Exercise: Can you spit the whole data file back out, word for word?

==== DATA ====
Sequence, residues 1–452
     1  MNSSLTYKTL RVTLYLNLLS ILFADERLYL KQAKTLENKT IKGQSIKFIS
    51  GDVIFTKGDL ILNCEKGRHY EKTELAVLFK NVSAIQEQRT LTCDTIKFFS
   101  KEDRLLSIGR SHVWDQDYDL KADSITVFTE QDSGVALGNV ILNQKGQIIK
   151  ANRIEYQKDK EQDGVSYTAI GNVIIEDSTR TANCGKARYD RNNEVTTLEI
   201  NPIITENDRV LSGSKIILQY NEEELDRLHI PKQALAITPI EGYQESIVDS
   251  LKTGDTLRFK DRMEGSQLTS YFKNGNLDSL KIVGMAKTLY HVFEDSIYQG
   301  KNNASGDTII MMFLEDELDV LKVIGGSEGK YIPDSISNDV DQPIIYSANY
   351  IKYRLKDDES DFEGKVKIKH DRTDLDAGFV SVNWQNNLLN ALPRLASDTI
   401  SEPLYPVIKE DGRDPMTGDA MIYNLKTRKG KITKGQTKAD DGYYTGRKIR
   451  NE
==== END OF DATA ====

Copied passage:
Sequence, residues 1–452
     1  MNSSLTYKTL RVTLYLNLLS ILFADERLYL KQAKTLENKT IKGQSIKFIS
    51  GDVIFTKGDL ILNCEKGRHY EKTELAVLFK NVSAIQEQRT LTCDTIKFFS
   101  KEDRLLSIGR SHVWDQDYDL KADSITVFTE QDSGVALGNV ILNQKGQIIK
   151  ANRIEYQKDK EQDGVSYTAI GNVIIEDSTR TANCGKARYD RNNEVTTLEI
   201  NPIITENDRV LSGSKIILQY NEEELDRLHI PKQALAITPI EGYQESIVDS
   251  LKTGDTLRFK DRMEGSQLTS YFKNGNLDSL KIVGMAKTLY HVFEDSIYQG
   301  KNNASGDTII MMFLEDELDV LKVIGGSEGK YIPDSISNDV DQPIIYSANY
   351  IKYRLKDDES DFEGKVKIKH DRTDLDAGFV SVNWQNNLLN ALPRLASDTI
   401  SEPLYPVIKE DGRDPMTGDA MIYNLKTRKG KITKGQTKAD DGYYTGRKIR
   451  NE